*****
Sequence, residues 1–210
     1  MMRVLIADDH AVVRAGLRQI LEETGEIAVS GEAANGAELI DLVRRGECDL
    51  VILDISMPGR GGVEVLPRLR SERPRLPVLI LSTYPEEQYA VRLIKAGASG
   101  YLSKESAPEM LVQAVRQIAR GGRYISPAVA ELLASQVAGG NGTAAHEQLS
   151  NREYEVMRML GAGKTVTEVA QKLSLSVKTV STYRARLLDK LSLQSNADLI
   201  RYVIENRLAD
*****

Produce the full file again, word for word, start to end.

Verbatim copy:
Sequence, residues 1–210
     1  MMRVLIADDH AVVRAGLRQI LEETGEIAVS GEAANGAELI DLVRRGECDL
    51  VILDISMPGR GGVEVLPRLR SERPRLPVLI LSTYPEEQYA VRLIKAGASG
   101  YLSKESAPEM LVQAVRQIAR GGRYISPAVA ELLASQVAGG NGTAAHEQLS
   151  NREYEVMRML GAGKTVTEVA QKLSLSVKTV STYRARLLDK LSLQSNADLI
   201  RYVIENRLAD